Normative Narratives

Economic Outlook: Fixing Egypt

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Yesterday we discussed the ongoing opposition of Egyptian President Muhammad Morsi. While the opposition has political and secretarian issues with Egypt’s first democratically elected president, these issues alone would constitute a very weak argument for the removal or Morsi or demands of a national coalition government. Knowing this, the opposition has created an atmosphere that is not conducive to economic activity. Egypt’s economy has been producing below potential since the instability caused by the ousting of former Dictator Hosni Mubarak. The Egyptian pound has depreciated, but Egypt has been unable to take advantage of having cheaper exports because it cannot mobilize its factors of production to produce more exports (compounding the issue, there’s no escaping higher food prices, as Egypt is a net food importer and everybody has to eat to survive).

The monetary crisis has turned into a humanitarian crisis. People are having trouble feeding themselves, there is not enough oil being produced to meet both international and domestic needs, creating food and fuel shortages usually symptomatic of a country at war (and compounding the stagnation in the Egyptian economy, people cannot be as productive without enough food and machines cannot run without an energy source).

With the economy producing below capacity, the government’s ability to provide basic services to the people is in jeopardy. Less tax revenue means it is much more difficult to pay for social programs that people rely on. Printing more money would further weaken an already weak Egyptian Pound, and Egypt cannot assume more debt as it seeks an IMF loan contingent on strong fiscal indicators. Competitive devaluation of the currency would scare off potential investors; having a more competitive Fx rate has done little to boost Egyptian production up until this point, so there is no reason to believe further devaluation would be an effective measure.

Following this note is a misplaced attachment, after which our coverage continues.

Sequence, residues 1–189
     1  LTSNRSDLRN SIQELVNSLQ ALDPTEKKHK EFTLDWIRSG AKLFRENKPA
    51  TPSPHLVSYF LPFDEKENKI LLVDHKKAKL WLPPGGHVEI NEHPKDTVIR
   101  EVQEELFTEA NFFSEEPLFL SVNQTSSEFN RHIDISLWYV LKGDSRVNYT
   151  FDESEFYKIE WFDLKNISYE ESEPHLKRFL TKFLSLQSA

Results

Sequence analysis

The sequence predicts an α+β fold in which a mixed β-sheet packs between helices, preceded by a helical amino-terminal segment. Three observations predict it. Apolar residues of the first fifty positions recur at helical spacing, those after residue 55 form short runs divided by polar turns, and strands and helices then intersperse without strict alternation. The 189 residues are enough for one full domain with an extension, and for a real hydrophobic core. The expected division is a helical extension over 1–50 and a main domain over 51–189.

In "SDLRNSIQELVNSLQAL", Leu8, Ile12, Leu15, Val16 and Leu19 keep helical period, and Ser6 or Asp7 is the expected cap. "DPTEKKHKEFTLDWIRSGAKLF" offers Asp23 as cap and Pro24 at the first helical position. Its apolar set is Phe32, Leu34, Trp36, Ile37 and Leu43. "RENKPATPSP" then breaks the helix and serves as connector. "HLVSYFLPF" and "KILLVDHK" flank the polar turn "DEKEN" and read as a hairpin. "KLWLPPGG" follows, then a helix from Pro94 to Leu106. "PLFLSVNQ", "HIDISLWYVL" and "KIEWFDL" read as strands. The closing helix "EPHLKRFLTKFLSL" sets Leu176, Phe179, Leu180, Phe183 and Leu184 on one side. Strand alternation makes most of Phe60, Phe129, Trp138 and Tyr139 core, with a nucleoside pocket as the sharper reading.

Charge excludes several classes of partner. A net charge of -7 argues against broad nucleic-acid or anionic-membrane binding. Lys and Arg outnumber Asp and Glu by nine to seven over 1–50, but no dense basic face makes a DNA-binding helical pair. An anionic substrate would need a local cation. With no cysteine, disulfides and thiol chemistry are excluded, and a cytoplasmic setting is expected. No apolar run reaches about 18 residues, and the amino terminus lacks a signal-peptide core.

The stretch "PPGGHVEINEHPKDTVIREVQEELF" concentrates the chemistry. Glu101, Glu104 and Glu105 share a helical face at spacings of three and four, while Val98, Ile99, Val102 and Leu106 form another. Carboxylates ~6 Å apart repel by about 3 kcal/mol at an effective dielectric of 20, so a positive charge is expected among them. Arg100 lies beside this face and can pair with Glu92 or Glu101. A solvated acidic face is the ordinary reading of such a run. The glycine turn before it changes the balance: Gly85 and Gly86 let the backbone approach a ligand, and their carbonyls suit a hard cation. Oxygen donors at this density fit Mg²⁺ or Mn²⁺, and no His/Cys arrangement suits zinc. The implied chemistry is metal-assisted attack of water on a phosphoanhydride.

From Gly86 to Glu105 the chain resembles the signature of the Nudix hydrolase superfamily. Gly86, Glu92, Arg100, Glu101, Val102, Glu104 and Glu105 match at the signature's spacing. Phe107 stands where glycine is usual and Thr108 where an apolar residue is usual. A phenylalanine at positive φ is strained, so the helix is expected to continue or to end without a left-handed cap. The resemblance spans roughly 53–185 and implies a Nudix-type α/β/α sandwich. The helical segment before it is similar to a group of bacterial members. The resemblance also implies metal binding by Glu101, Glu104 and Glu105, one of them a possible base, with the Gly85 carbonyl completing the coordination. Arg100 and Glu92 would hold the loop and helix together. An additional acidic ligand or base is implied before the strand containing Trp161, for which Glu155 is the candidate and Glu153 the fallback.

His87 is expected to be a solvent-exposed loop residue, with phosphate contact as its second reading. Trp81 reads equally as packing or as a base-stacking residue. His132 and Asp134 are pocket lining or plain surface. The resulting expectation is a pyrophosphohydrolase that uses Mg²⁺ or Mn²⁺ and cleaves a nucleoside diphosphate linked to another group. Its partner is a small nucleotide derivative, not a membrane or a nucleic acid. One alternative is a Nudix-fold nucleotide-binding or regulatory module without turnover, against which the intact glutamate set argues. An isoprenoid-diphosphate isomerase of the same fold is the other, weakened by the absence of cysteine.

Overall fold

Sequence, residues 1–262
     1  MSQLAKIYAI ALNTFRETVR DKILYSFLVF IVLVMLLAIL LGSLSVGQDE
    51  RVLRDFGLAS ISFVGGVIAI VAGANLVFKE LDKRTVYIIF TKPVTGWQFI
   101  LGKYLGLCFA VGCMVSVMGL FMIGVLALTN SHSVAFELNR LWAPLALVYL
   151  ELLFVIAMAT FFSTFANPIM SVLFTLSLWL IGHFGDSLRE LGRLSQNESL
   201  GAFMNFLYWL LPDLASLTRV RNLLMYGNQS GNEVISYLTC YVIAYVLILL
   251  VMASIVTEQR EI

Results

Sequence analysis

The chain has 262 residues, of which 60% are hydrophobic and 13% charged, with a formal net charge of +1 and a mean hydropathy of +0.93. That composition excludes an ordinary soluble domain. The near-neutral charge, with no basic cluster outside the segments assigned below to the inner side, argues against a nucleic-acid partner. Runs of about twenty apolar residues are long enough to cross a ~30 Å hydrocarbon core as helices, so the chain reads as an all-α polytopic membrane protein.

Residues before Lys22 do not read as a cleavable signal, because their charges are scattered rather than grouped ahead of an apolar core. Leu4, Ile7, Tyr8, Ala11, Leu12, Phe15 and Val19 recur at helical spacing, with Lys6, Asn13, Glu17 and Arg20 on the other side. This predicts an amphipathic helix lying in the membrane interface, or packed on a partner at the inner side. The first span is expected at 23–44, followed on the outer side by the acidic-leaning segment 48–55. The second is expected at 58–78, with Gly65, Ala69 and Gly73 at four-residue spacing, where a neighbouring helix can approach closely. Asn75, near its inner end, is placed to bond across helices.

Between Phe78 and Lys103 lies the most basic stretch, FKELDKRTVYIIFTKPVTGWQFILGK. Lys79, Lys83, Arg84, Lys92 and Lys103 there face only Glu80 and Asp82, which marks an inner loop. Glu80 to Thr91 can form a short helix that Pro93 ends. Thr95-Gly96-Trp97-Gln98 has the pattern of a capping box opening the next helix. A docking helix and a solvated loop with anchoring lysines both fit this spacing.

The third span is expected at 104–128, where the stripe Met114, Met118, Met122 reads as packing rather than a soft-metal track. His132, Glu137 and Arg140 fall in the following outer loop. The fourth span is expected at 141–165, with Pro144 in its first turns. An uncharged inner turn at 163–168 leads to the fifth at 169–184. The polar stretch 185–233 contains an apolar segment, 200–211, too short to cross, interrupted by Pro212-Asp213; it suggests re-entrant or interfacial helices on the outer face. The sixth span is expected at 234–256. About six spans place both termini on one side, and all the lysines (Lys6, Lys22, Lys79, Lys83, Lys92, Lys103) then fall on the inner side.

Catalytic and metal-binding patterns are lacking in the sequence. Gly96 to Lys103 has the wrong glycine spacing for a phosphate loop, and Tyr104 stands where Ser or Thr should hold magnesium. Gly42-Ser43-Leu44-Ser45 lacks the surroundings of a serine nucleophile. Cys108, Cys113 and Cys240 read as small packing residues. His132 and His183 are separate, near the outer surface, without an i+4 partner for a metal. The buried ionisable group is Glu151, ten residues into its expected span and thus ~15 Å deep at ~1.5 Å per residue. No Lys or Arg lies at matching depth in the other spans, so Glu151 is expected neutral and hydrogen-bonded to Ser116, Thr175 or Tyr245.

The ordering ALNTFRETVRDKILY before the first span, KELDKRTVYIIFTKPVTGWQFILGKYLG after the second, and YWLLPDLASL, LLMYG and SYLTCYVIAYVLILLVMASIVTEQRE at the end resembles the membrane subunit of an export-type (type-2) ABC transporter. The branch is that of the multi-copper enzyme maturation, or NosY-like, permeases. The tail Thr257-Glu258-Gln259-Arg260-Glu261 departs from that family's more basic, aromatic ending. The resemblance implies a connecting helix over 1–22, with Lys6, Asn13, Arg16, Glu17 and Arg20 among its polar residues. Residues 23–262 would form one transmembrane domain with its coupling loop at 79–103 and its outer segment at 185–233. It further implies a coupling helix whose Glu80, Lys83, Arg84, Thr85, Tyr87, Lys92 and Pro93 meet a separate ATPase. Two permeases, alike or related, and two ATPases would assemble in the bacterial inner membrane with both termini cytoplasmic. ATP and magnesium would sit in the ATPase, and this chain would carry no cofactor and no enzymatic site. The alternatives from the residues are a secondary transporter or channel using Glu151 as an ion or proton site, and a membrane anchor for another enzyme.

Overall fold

Egypt needs a more stable environment to grow its economy. People often point to political uncertainty (rightfully so) as a reason for a slow recovery from the “Great Recession”. Imagine how much slower it would be if on top of political uncertainty you had instability and insecurity that threatened the overall legitimacy and sustainability of the current government in power (and if that government was a new government attempting democracy after decades of dictatorship):

“Mursi’s supporters say the protesters want to overthrow Egypt’s first democratically elected leader. The unrest has prevented a return to stability ahead of parliamentary elections due within months, and worsened an economic crisis that has seen the pound currency tumble in recent weeks.”

Egypt needs IMF loans and Foreign Direct Investment (FDI) from developed countries and Multi-National Corporations (MNC) to get its economy growing again. However, international capital will not flow into Egypt with its current level of instability and insecurity, regardless of the expected rate of return on investment:

“German industry leaders see potential in Egypt but are concerned about political instability.